On January 6, FTC Troops and police were on patrol in the district of Horqueta, in the Department of Concepción, when they tried to capture ACA leader Albino Ramón Jara Larrea. He resisted arrest, and the FTC killed him, as well as another ACA leader, Rosalba Moraez. The two ACA members were carrying cash in local currency worth the equivalent of about $12,000.

The FTC has compiled intelligence about the ACA that will help it fight the terrorist group.

“The knowledge we have gained about their behavior, their management methods, their food supply, the type of equipment, and other data provides a lot of material for analysts to design more effective strategies to locate them,” Urdapilleta said.

Security forces have also made great advances in fighting the EPP, according to Colonel Jorge Mieres, director of the Army’s Social Communications Division (DICOSO). In recent years, the Prosecutor’s Office has obtained convictions against 46 individuals who confessed to being members of the EPP.

The Military and police are continuing to work hard to secure the release of Police Master Sergeant Edelio Morínigo, who was kidnapped by the EPP on July 5, 2014. The EPP has not demanded a ransom, but instead proposed a trade, offering to free Morínigo in exchange for the release of 46 EPP members who had been sentenced to prison.

The government rejected the idea. “The government will not negotiate with terrorists,” Minister of Interior Francisco De Vargas said on December 25 in a telephone conversation with Telefuturo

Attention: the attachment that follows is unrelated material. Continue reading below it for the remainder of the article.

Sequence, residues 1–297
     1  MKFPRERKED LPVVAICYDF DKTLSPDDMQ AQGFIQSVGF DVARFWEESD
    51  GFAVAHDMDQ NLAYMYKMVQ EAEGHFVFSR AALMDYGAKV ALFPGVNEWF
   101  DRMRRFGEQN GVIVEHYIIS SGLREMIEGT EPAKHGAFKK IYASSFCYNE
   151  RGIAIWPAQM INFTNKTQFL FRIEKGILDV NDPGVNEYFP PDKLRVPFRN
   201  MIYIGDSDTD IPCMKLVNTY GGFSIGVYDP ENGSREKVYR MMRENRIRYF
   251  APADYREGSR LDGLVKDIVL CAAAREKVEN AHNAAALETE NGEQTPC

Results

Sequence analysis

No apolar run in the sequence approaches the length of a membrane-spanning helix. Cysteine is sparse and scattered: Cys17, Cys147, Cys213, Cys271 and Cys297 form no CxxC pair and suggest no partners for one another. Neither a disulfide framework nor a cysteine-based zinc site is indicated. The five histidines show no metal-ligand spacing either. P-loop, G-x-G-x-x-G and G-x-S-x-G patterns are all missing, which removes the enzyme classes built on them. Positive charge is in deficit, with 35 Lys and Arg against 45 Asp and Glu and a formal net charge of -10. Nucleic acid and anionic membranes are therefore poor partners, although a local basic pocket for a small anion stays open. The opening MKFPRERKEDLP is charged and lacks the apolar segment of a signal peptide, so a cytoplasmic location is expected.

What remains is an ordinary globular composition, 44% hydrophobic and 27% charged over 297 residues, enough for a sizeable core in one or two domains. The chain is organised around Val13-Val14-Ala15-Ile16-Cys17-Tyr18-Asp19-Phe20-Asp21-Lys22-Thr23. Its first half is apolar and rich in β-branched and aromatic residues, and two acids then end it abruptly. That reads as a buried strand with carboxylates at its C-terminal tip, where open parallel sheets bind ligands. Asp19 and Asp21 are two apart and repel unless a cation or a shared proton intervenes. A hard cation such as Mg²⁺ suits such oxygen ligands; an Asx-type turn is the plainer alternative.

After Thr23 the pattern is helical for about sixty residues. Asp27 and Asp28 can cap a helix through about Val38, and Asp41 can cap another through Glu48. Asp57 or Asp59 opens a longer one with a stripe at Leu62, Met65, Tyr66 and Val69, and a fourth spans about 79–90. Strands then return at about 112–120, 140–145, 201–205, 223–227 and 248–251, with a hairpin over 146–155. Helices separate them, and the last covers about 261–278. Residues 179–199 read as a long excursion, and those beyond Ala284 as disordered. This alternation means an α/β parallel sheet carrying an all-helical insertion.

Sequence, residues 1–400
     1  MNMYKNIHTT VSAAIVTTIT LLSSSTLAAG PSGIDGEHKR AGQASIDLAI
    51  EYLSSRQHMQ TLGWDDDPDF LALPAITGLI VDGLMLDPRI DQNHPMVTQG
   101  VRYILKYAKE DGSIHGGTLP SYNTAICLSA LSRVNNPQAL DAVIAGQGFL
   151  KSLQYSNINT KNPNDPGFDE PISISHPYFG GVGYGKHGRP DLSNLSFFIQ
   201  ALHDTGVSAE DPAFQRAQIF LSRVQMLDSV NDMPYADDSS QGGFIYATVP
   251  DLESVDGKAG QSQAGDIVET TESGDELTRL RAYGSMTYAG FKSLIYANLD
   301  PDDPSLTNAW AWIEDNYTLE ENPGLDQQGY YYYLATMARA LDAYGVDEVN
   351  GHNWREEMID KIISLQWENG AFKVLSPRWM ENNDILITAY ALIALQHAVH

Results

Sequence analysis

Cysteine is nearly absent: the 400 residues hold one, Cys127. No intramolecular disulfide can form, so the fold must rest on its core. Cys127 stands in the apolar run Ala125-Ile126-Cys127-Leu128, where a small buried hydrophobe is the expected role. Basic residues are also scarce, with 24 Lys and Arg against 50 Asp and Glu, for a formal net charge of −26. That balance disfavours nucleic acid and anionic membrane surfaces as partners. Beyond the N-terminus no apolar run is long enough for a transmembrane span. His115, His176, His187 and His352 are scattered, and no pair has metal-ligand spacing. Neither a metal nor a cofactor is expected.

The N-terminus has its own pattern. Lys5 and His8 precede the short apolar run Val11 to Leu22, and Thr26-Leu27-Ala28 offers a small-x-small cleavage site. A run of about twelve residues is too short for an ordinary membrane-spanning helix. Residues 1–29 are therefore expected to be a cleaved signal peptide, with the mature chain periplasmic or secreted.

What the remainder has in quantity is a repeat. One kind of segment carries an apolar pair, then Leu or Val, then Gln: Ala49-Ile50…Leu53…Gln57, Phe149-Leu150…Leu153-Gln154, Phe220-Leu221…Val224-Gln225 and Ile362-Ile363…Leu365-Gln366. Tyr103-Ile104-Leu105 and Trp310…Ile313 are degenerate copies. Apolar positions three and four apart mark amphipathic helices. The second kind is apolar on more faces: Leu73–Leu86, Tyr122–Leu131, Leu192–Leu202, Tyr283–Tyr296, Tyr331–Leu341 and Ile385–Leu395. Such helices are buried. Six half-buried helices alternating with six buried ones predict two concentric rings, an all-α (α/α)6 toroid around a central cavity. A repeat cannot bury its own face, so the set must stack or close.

(Channel 4).





Paraguay’s Joint Task Force (FTC), a team consisting of Military and police personnel, is in a state of high alert in its fight against the Paraguayan People’s Army (EPP), a terrorist group responsible for kidnappings for ransom and killings.

“The fight is constant and the work does not cease. There are things we do not make public due to the security of the operations,” said Lieutenant Colonel Víctor Urdapilleta, an FTC spokesman. “This does not mean we are not working on it.”

The FTC is confronting a terrorist group that is comprised of family-based gangs, such as the Bernal Maíz, Larrea and Villalba organized crime groups, according to Urdapilleta.

Kidnappings for ransom


Paraguayan security forces have been battling the EPP since 2001, when the organization was the armed wing of the Marxist and anti-imperialist political party Patria Libre (Free Homeland). The first of six kidnappings committed by the illegal group took place against María Edith Bordón de Debenardi, the wife of a prominent businessman in November 2001 for whom they demanded a ransom of $1 million for her release. The ransom was paid, and the terrorist group released her after two months in captivity.

The terrorist group continued to use kidnapping for ransom. In September 2004, the outlaw group kidnapped Cecilia Cubas, daughter of former Paraguayan President Raúl Cubas Grau and current Senator Mirta Gusinky. Law enforcement authorities eventually found Cubas’ body in a grave outside Asunción, despite the payment of a $350,000 ransom. The kidnappers justified the killing by claiming that the payment was not a ransom, but a “fine against Cubas’ parents.”